Employee engagement, at its core, is designed to create and maintain positive relationships between an organization and its workers. Employee engagement promotes commitment, loyalty, and a willingness to contribute to organizational success. Workforce experts like Anthony Fallahi, based in Dallas, TX, know that for a culture of engagement to take root, efforts must align with the organization’s goals and values. “In a lean labor market, employers are compelled to put more into recruitment and retention. Conventional wisdom is that people come for the money and stay for the culture. Increasingly job seekers are now looking at work-life balance, mission statements, ESG scores and, yes, the culture between the walls, before signing an offer,” said Fallahi. There are many ways to go about engaging employees, not all equally effective. This post will examine three of the most crucial employee engagement models and their efficacy.
The Four-Factor Model of Employee Engagement
Anthony Fallahi says The Four-Factor Model of Employee Engagement has been developed to help organizations better prioritize workplace aspects that generate employee engagement. The model suggests that four key factors contribute to engaged teams: meaningful work, positive relationships, a sense of progress, and a sense of purpose. When all four of these factors are present, employees are more likely to be engaged in their work and perform at a higher level. Likewise, when any are absent, employees are more likely to become disengaged. The Four-Factor Model provides a straightforward framework for understanding and managing employee engagement.
The first factor, meaningful work, refers to the idea that employees need to feel like their job is purposeful and that it contributes to something larger than themselves. Employees who believe their work is meaningful are more likely to engage in it.
Positive relationships refer to the importance of having uplifting workplace associations with co-workers, vendors, customers, and, most critically, supervisors. This includes instilling a culture of self-empowerment and creating safe environments in which employees will feel comfortable enough to extend themselves. “People need to know that it is okay to fail, or you will have zero innovation and creativity. No one wants to work in that type of environment.”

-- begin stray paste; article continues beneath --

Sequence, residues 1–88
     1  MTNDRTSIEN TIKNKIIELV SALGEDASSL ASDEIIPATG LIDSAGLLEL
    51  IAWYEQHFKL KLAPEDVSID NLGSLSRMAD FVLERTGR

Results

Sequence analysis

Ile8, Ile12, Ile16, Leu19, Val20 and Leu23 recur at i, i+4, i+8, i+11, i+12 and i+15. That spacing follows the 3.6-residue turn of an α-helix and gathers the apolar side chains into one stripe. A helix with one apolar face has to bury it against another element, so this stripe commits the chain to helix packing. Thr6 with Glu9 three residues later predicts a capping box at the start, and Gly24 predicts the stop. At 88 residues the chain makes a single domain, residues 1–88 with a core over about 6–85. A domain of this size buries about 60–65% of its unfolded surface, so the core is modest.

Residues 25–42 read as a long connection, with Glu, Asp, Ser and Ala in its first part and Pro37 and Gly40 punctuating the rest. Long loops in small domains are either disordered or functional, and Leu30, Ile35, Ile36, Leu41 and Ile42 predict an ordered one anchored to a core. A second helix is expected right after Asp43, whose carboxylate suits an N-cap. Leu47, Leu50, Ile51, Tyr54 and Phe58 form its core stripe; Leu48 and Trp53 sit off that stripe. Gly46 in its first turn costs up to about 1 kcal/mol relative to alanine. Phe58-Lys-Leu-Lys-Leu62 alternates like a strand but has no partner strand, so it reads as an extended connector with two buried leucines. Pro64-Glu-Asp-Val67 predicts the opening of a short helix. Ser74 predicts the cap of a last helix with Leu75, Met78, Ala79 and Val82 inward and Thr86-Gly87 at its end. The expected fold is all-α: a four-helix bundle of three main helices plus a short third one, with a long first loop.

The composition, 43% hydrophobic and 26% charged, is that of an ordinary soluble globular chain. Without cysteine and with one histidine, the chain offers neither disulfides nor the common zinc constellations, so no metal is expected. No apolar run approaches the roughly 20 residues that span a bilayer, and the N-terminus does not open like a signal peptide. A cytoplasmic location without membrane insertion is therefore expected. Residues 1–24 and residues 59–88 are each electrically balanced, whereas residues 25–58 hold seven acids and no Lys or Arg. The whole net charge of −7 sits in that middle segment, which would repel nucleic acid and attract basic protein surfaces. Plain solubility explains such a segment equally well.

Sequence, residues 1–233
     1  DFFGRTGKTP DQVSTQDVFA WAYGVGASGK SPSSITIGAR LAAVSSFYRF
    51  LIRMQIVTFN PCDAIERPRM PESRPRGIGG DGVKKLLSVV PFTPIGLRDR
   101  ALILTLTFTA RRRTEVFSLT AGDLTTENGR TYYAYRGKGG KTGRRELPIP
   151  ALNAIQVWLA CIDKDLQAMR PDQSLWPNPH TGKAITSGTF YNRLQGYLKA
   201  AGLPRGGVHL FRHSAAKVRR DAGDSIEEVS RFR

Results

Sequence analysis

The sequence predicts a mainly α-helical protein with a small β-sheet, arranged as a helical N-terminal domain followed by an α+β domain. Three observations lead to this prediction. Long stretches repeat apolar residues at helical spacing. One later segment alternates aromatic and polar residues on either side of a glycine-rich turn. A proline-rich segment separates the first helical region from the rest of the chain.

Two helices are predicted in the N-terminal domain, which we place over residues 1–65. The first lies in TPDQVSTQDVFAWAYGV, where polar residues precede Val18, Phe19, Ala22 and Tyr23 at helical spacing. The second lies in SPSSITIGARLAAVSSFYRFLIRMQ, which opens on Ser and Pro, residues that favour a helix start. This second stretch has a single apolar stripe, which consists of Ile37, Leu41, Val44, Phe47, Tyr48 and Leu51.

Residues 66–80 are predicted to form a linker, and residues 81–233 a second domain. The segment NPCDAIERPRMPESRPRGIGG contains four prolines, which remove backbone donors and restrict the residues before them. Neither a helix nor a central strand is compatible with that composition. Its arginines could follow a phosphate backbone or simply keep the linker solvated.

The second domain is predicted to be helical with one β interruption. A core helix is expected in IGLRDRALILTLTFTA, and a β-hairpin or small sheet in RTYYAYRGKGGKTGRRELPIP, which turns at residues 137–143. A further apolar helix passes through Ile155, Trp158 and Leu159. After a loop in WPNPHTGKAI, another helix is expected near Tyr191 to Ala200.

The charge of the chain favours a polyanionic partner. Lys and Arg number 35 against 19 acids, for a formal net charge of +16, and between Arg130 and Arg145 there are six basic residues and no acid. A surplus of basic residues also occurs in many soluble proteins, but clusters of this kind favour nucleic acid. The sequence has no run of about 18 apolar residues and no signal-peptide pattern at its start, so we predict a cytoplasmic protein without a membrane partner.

A Sense of Progress
The third factor, a sense of progress, refers to the idea that employees need to feel like they are making progress in their work. Crucial to this effort is instilling procedural transparency in the way that employees are assessed and rewarded. “Your workers need to feel involved in the assessment process and see clear relationships between established metrics and advancement potential,” stated Fallahi.
A Sense of Purpose
Finally, the fourth factor, a sense of purpose, refers to the idea that employees must feel like they are working towards something larger than themselves. “Creating a sustainable business mindset in which the organization shifts from ‘profit with harm minimization’ to ‘profit and greater good maximization’ has proven to bear fruit in many ways, not the least of which is giving your employees something to rally around.”
Overall, the Four-Factor Model provides a valuable framework for understanding what leads to employee engagement. By identifying the four factors that contribute to employee engagement, organizations can take steps to instill a culture of enthusiasm and inclusivity.
The Kahn Model
Organizational psychologist William Kahn was one of the first researchers to identify the concept of employee engagement. Kahn explored the physical, cognitive, and emotional dimensions of employee engagement and identified three psychological conditions that enable engagement to thrive: meaningfulness, safety, and availability.